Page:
SQL Source Control is not trying to drop extra objects

Here's my scenario:

I created a baseline project in SVN using SSC.

I link it to a different database with a slightly different schema, including some extra objects which exist in the target DB and not in SVN.

The "Get Latest" tab shows no changes:


But the "Commit Changes" tab wants to commit some procs and a user:


As a last test, I used the standalone SQL Compare tool and compared the SVN folder to the same database, and it wants (correctly) to drop those extra objects:


So, why might this be happening?


  • Thanks for your post.

    I'm not quite sure I'm exactly understanding your problem; what I *think* you're saying is that the second database has some objects in it that are NOT in SVN, and you're expecting the Get Latest tab to show you it wanting to drop the objects from the local database, correct?

    If so, then I think what you're seeing is right.
    We establish changes in the repository (such as new/removed objects) by changes in a "Transients" folder in your userprofile, alongside the working base. When you linked, the Transient was initially built from the current contents of SVN and is thus in sync, so we don't "see" this as a drop to be performed.

    They do show on the commit tab though, because we detect the difference between the database and SVN via the transient, so we know those objects don't exist in SVN yet.

    Compare does display the drop, because you're doing a direct compare between SVN and the database - which SQL Source Control doesn't do.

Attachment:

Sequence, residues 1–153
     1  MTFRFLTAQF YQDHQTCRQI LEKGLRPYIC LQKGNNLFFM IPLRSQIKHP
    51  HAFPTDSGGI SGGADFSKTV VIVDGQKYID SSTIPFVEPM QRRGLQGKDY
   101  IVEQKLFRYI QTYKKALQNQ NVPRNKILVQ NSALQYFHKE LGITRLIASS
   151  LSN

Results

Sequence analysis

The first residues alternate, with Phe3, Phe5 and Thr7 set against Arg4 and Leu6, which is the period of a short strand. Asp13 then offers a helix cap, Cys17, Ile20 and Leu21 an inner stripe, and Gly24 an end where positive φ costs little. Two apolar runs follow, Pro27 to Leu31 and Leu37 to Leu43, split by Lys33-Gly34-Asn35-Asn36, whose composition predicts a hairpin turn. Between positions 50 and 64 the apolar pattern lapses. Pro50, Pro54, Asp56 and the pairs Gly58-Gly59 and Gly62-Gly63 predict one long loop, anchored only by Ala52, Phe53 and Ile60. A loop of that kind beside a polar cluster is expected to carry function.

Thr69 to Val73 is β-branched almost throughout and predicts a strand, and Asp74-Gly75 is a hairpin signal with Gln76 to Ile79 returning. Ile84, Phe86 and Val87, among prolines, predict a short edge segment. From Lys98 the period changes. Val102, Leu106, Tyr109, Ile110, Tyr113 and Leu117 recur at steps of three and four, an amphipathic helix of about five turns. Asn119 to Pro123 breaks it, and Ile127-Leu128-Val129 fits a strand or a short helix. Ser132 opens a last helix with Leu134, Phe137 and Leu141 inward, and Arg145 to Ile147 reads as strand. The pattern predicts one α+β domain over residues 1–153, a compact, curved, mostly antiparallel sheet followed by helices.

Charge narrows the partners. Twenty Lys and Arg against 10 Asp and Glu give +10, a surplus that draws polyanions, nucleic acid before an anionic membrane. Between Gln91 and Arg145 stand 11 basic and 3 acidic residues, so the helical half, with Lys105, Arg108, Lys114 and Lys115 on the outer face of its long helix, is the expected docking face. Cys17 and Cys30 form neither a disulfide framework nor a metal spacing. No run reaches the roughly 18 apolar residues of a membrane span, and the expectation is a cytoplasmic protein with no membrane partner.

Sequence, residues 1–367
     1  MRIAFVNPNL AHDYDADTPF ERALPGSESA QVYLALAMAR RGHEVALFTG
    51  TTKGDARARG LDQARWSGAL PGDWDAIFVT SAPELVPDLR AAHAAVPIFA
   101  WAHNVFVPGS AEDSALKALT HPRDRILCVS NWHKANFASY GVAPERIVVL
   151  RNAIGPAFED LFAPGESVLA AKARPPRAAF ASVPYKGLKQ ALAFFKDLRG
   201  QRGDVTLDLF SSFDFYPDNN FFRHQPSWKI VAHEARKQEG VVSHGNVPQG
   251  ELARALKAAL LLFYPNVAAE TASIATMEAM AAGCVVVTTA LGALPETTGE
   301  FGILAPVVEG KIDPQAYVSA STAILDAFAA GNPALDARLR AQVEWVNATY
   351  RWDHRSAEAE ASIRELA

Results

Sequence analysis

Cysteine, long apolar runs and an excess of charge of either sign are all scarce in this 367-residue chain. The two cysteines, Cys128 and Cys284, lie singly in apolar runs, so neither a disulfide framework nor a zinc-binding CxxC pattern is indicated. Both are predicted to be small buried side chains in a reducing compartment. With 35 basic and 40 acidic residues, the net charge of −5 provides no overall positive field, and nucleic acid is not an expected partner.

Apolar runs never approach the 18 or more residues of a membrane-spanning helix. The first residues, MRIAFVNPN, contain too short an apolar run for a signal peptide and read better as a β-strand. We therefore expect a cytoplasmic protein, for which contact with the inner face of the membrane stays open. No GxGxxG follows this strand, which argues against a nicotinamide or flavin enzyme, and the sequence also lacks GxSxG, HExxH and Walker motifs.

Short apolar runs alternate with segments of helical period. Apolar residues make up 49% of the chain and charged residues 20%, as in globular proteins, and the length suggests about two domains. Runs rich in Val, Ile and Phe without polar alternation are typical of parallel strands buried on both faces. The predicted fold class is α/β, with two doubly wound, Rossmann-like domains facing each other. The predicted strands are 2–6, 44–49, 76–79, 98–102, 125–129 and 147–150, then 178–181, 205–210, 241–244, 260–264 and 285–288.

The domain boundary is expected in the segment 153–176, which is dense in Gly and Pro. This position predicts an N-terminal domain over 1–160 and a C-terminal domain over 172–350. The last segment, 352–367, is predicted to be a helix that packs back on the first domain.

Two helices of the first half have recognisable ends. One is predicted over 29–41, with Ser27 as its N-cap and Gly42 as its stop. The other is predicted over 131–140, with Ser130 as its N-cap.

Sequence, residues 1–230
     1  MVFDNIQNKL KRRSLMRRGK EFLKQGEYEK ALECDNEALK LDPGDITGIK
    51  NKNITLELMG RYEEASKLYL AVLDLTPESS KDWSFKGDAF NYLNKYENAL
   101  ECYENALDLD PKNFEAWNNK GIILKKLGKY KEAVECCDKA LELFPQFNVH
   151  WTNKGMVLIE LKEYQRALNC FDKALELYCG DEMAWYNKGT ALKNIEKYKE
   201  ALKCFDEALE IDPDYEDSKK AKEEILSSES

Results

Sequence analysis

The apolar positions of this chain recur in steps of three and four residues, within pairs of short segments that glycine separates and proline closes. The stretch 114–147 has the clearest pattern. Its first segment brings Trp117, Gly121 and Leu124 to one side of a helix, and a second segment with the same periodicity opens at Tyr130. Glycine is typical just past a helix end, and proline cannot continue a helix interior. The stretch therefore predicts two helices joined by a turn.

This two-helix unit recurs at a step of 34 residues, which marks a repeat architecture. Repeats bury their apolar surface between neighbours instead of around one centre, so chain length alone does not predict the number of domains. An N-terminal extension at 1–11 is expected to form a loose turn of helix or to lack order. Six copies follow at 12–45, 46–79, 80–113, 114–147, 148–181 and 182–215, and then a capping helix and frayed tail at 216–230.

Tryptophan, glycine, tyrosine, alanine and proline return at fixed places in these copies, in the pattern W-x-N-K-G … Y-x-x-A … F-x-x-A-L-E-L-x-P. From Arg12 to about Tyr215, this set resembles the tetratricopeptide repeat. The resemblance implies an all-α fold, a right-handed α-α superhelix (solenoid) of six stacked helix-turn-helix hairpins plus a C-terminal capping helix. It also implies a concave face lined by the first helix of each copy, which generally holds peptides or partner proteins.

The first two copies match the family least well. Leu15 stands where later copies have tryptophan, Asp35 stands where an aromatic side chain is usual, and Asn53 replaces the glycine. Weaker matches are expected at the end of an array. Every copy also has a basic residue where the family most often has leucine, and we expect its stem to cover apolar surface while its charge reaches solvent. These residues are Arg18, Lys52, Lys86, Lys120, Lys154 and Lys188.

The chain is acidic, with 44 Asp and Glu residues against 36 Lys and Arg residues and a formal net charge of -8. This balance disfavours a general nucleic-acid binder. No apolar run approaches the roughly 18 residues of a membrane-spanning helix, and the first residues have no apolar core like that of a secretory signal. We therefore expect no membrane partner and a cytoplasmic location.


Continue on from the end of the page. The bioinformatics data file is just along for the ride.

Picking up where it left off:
So in short, I think what you are seeing is correct - if you want to get another DB Linked up to SVN and you're happy that what's in SVN is the current state you want to use, you're better off linking a blank DB and then doing a full Get Latest into it.

    Hope that helps!
    Systems Software Engineer

    Redgate Software

  • Hi James,

    Thank you for your reply.

    Yes, I think you're understanding my issue correctly in terms of what I'm testing out and what my expectations are.

    I understand why the Transients folder works the way it does, but let me describe a workflow scenario which my company is going to encounter, and see if possibly there is an workaround.

    All our developers have a seat license for SSC, but we only have one license for the SQL Toolbelt for our build machine, specifically so we can have SQL Compare 10 and SQL Data Compare 9 with their command line tools in order to have a Continuous Integration environment. A developer checks in a change, and an automated build process kicks off which gets latest from SVN, builds and deploys code, and runs a SQL Compare and DataCompare command line batch to update a couple of different staging databases.

    Our production environment has quite a few customer databases, all of which are *supposed* to be the same schema, but without a great process in the previous years they have gotten crufty and are not in sync. We will get bug tickets which are data-specific, so we will pull down a copy of their particular database and fix the bug using that. My concern is that a developer will do this: